• Senators summon security chiefs, lament arms proliferation
Damilola Oyedele in Abuja
After ignoring the summons of the National Assembly, the Inspector General of Police (IG), Mr. Ibrahim Idris, is expected to appear before the Senate Wednesday to brief the lawmakers on efforts being made by the police to quell the rising insecurity in different parts of the country.
This is as the Senate summoned the security chiefs over the proliferation of arms across the country, which it said had contributed to heightened insecurity in Nigeria.
Idris would also field questions on the maltreatment meted out to Senator Dino Melaye (Kogi APC) by the police, in the course of his arrest, hospitalisation and arraignment before the Federal High Court Abuja and the Magistrate’s Court in Lokoja, Kogi State.
The police boss had shunned the summons of the upper legislative chamber on the same subject matter twice in the last two weeks.
However, following Monday’s meeting between President Muhammadu Buhari, Senate President Bukola Saraki and Speaker of the House of Representatives, Hon. Yakubu Dogara, where Idris’ attitude to the legislature was discussed, the police IG is expected to honour the summons Wednesday.
Saraki, in his remarks on rising insecurity in the country at plenary Tuesday, also indicated that Idris might show up Wednesday.
Reacting to the reports of the twin bombings in Mubi (Adamawa State) and kidnappings in Kaura Namoda (Zamfara State), Saraki lamented that Nigeria continues to experience all forms of insecurity on a daily basis.
“It is unfortunate, the last time we invited the IG, and he did not show up. We have given him this Wednesday again to come,” he said, adding that the parliament would play its role in ensuring that the country is secure.
He also described the recent bombing of the home of the President General of the Ohaneze Ndigbo, Chief John Nwodo, as unfortunate and directed the Senate Committee on Police to find out the status of the investigation.
Speaking earlier, Senator Tijjani Kaura (Zamfara APC) had called for further deployment of security forces to Zamfara State, following rising cases of kidnappings by bandits.
Raising a point of order, Kaura said at least eight persons had been kidnapped in Kaura Namoda town in the last 10 days.
“Victims of these kidnappings are now selling their homes, farm produce and farmlands to secure the release of their people,” he said.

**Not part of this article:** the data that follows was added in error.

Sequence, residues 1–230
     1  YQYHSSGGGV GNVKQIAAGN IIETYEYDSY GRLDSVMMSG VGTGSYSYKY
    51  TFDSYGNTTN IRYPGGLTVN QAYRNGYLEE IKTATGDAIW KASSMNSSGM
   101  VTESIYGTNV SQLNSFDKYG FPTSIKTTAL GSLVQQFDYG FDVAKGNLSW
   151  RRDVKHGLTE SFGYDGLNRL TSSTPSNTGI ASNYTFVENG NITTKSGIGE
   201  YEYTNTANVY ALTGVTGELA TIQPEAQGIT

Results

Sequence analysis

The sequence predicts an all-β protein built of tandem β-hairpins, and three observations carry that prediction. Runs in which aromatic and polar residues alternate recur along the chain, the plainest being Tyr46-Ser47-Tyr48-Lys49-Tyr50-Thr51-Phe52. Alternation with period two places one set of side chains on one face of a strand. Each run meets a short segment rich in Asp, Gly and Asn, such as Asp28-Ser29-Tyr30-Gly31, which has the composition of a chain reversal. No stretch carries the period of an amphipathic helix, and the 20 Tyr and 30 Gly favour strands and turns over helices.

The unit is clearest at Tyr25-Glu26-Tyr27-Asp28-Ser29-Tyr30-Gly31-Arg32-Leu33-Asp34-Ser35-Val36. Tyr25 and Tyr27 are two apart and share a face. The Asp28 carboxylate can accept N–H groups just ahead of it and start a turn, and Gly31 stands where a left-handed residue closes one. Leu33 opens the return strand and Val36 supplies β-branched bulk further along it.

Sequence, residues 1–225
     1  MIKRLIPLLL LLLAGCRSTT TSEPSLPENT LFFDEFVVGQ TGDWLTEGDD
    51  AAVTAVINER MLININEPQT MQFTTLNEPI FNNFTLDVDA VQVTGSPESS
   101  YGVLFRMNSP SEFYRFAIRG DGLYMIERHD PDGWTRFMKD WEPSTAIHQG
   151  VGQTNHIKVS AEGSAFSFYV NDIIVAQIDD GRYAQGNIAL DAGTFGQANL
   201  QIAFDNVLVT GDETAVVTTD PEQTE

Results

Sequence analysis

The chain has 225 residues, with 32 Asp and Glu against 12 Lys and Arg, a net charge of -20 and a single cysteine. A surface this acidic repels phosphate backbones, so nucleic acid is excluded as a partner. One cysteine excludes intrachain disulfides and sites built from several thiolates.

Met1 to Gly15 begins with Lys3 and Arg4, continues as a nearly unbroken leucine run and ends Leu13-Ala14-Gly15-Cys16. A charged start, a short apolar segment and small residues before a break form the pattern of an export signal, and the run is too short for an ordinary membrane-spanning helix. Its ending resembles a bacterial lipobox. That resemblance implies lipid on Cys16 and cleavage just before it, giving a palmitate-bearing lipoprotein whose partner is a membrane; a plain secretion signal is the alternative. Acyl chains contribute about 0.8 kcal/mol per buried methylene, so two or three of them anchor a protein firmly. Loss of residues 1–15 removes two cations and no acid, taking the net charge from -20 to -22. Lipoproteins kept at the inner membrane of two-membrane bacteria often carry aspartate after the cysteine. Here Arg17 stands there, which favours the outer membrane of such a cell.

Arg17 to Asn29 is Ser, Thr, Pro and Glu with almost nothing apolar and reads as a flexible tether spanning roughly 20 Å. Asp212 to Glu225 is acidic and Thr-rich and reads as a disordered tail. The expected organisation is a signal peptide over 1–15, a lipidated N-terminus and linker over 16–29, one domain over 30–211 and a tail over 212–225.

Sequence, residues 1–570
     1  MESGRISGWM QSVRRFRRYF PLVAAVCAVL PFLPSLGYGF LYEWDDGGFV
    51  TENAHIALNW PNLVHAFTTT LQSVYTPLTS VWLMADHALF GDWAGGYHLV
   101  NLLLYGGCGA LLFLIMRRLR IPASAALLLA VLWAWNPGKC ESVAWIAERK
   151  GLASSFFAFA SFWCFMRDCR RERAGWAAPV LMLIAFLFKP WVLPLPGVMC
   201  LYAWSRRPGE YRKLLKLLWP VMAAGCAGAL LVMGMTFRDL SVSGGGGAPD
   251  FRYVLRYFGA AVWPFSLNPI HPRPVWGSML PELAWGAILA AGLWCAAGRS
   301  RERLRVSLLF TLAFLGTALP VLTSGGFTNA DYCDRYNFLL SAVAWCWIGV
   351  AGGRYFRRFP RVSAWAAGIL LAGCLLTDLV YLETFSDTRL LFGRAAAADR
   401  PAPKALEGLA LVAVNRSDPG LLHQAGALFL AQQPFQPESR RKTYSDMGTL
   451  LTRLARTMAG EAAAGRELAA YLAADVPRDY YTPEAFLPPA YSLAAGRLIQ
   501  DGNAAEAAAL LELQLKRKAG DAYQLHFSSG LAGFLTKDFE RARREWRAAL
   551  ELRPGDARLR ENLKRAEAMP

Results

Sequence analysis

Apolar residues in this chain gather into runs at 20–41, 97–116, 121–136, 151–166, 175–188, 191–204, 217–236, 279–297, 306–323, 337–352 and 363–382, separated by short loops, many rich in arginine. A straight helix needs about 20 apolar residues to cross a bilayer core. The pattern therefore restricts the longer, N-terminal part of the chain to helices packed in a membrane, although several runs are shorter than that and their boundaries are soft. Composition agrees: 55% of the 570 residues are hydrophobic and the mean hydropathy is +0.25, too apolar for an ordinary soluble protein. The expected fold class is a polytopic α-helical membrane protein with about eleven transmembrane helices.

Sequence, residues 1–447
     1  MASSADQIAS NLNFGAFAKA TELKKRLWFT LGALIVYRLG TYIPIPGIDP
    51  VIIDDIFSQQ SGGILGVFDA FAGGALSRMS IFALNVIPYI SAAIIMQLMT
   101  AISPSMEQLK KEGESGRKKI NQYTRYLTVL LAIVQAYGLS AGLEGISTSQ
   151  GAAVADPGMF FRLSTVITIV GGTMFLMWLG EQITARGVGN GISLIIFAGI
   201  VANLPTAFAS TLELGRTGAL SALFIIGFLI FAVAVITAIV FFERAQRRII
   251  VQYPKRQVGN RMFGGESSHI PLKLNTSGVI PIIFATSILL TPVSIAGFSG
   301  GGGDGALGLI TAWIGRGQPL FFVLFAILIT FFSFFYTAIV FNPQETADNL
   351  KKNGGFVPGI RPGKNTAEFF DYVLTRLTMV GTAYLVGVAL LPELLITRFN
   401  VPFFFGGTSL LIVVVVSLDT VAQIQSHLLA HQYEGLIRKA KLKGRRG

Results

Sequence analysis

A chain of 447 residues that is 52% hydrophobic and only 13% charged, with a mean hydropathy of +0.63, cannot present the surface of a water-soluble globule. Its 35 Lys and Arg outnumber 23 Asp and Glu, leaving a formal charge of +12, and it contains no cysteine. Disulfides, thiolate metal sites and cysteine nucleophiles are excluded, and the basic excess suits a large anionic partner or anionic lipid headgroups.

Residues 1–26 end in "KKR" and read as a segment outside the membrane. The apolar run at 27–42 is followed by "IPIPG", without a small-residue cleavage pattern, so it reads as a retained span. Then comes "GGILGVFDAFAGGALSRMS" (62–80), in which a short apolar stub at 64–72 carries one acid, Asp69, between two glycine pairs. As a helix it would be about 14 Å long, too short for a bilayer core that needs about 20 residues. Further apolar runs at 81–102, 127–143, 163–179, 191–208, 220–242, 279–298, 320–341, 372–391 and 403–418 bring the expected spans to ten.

Similarly, Binta Masi Garba (Adamawa APC) sought the leave of the Senate to present a motion on the recent devastating suicide bombings in Mubi, Adamawa State, where at least 27 persons were reported to have been killed.
Twin bomb blasts hit a mosque and a market in Mubi on May 1, in attacks suspected to have been carried out by Boko Haram terrorists.
Also at plenary Tuesday, the Senate resolved to summon the security chiefs including the Comptroller General of the Nigerian Customs Service (NCS), Col. Hammed Ali (rtd), over the proliferation of weapons in the country.
This followed a motion sponsored by Senator Suleiman Hunkuyi (Kaduna APC) who said the easy acquisition of firearms had contributed to the colossal loss of lives and wanton destruction of property of Nigerian citizens.
He blamed the development on negligence by the departments of government entrusted with the responsibility of controlling how individuals and corporate entities have access to and maintain firearms in Nigeria.
Hunkuyi noted that the ease with which hoodlums access and acquire firearms was devastating for Nigeria.
“The combined effects of Sections 3 and 4 of the Firearms Act respectively, restrict the possession of firearms among persons. Section 3 of the Firearms Act specifically states that no person should possess the category of firearms seen with these heartless persons unless that person is granted a licence by the president.
“Section 4 of the Act gives the Inspector-General of Police the power to issue licences for people to own less lethal firearms.
“But one does not need to ask whether all the firearm-bearing elements, ranging from kidnappers, armed robbers, armed herdsmen, cattle rustlers, cultists, et al, got their licences from the appropriate quarters, because the answer is an emphatic no,” Hunkuyi said.